"Missing e-mails" are the common denominator of every single Bush-era scandal, from the authoring of the torture memos to the U.S. Attorney Massacre. Since the Justice Department has proven itself absolutely unwilling and unable to police itself, an independent prosecutor or investigative body, with subpoena power, needs to conduct a criminal inquiry into the systematic destruction of evidence and obstruction of justice--namely, "missing e-mails."
It's a CRIME. See 18 U.S.C. § 2510, specifically § 2517. Senator Leahy made this point at yesterday's poorly-attended Senate Judiciary Committee hearing (4 senators at a "Full Committee" hearing) into the the Justice Department's shoddy investigation into the torture memos. BTW, why didn't they subpoena Margolis' ass since he was the man-behind-the-curtain who overrode the entire OPR Report and the most relevant witness? Or Yoo and Bybee?
I know a thing or two about missing e-mails: they never really disappear. The Justice Department has been using this lame excuse since they first pulled it in the case of "American Taliban" John Walker Lindh on which I blew the whistle because critical e-mails "disappeared" in contravention of a federal court order. Even back then (2002), I was able to resurrect the e-mails.
Missing e-mails. As SNL's Church Lady would say, How convenient . . .
I work at the Government Accountability Project, the operative word being "accountability." This isn't just a little computer problem. It's a systematic pattern and practice of evading justice for some of the worst--and criminal--scandals that have tarnished our nation. For those of you who want to geek out on the criminal basis, see 18 U.S.C. § 2510; in particular § 2517, http://www.law.cornell.edu/.... This disappearing act also violates the Federal Records Act.
Enough is enough. Isn't it just rich that the Justice Department cannot find critical e-mails, in the most recent example, between the Justice Department's John Yoo & Co., CIA and White House about the development of torture policy? The Justice Department can borrow my 12-year-old. He could probably point them in the right direction.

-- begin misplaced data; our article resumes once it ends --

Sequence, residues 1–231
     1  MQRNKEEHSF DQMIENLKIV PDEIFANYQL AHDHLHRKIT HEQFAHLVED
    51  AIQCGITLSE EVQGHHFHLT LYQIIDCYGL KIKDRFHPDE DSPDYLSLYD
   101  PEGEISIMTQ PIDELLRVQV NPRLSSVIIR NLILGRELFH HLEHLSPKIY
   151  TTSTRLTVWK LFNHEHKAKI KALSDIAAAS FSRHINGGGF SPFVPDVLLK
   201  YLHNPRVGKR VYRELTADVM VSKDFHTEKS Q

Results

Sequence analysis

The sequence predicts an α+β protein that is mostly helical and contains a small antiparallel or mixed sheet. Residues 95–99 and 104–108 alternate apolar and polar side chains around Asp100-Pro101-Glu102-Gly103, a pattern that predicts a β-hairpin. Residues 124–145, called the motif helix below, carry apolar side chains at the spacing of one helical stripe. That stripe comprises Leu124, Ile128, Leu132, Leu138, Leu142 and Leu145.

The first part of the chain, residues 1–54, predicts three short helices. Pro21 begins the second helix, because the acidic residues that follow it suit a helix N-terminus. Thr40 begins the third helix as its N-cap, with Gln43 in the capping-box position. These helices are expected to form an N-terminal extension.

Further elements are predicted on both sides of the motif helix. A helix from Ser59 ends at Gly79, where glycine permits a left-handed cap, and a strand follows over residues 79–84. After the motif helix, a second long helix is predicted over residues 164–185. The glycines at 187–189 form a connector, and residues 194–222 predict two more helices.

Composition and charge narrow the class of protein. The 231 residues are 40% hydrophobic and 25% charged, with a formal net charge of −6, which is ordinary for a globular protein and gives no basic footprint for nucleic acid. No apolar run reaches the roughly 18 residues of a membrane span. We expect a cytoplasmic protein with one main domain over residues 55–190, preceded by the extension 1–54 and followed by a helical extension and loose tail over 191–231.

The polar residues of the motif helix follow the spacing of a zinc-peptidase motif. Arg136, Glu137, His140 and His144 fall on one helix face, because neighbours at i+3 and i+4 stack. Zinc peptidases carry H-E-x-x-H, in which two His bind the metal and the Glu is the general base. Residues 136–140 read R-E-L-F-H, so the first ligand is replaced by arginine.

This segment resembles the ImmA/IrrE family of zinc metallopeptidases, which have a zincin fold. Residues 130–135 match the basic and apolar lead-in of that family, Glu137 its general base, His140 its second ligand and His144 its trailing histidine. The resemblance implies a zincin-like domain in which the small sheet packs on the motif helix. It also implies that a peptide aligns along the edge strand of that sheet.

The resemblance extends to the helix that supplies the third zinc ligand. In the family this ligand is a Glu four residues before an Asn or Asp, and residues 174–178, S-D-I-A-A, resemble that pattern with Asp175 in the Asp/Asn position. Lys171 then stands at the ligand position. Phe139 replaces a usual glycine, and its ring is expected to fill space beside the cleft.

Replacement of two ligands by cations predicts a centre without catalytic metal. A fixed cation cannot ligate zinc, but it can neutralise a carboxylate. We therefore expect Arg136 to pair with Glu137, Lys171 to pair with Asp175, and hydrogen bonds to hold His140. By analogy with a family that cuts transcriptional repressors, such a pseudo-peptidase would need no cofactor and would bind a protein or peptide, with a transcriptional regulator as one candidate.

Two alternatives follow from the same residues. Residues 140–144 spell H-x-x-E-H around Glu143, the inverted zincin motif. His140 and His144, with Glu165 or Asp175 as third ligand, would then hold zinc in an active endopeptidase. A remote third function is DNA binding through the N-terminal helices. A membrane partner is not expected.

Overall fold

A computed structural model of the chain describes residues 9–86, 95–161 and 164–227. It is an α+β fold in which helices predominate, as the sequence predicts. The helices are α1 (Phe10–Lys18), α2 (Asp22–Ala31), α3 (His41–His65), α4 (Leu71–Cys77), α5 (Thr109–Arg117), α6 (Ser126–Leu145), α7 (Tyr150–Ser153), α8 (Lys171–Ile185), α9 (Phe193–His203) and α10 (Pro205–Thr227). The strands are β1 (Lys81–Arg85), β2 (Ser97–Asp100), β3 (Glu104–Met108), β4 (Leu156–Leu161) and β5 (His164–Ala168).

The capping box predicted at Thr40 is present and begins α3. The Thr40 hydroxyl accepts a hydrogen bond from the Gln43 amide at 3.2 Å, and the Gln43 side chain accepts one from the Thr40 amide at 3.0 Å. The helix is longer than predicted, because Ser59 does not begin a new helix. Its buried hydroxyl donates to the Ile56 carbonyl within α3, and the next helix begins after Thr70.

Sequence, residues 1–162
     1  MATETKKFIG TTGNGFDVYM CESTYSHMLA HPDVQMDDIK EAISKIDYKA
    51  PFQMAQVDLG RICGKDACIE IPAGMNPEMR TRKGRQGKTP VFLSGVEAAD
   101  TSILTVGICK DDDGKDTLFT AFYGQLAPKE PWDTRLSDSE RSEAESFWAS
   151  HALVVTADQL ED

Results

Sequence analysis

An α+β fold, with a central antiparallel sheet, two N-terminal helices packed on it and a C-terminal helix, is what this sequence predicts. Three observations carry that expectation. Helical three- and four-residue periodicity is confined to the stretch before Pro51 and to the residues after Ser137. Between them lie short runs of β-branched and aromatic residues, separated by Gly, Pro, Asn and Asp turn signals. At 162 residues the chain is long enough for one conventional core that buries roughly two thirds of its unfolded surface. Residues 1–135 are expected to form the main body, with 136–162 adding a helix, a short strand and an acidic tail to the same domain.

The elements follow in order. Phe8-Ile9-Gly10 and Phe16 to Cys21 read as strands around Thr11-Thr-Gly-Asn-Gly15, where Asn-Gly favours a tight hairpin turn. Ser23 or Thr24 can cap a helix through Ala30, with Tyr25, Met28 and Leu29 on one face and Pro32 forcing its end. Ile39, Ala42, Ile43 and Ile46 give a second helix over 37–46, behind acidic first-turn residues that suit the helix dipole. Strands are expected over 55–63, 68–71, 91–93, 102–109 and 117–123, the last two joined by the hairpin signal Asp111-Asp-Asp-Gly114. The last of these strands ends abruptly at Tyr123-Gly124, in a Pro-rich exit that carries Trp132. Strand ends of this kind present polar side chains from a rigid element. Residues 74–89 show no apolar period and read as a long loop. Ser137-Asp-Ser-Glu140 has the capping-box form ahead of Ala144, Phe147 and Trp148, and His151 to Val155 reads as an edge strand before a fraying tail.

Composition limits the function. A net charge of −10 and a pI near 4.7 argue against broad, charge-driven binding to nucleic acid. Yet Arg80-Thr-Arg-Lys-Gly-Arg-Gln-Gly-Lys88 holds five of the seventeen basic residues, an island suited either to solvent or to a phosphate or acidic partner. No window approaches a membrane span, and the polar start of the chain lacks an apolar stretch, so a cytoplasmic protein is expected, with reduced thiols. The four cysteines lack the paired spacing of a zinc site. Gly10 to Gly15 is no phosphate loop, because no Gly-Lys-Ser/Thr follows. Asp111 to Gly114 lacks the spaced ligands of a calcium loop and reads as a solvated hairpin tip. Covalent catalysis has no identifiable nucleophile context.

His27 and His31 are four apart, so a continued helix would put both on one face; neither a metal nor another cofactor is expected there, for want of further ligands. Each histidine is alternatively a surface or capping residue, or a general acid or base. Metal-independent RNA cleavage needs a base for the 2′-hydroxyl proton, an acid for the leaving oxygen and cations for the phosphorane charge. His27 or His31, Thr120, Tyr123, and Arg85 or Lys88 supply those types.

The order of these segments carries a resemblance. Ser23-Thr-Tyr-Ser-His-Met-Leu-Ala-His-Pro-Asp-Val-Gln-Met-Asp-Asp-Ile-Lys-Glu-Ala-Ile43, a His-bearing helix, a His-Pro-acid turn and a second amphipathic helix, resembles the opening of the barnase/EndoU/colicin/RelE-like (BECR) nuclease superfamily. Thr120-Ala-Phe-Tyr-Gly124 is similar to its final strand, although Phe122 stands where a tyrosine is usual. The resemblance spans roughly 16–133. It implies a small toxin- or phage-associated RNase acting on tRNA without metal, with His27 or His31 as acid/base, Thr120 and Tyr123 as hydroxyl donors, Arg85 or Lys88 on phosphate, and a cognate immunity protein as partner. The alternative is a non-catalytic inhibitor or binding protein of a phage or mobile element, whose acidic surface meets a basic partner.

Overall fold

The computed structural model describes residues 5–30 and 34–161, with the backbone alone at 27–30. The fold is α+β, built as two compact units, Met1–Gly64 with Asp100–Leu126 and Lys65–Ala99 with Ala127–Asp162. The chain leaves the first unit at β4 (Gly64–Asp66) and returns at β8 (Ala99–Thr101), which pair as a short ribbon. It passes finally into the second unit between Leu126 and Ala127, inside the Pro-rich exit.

Or, it can hire a computer forensics expert to recover the missing e-mails, and just as important, expose who deleted them and when.
"Missing e-mails" sounds so innocuous, so accidental (the sole witness at yesterday's hearing, Acting Deputy Attorney General Gary Grindler, said the whitewash ethics report "does not suggest there is anything nefarious.") But in case anyone needs further evidence of the bad faith here, consider that the Justice Department didn't bother to notify the National Archives--whose very mission is to collect such information--before OPR's ethics report was released last week. If John Yoo, Alberto Gonzales and countless others have benefited from curiously and mysteriously missing e-mails that document their role in criminal wrongdoing, then there needs to be some independent intervention. Because all of the bad actors have skated on their actual crimes, we can still give meaning to the old adage that "it's not the crime, but the cover-up" that will ultimately get them.
UPDATE: Thanks, Kossacks, for Rec. Listing me last Monday and today. You have given me fortitude during what has been a devastating week. I will try to live-blog later. I have a migraine (obviously psychosomatic.)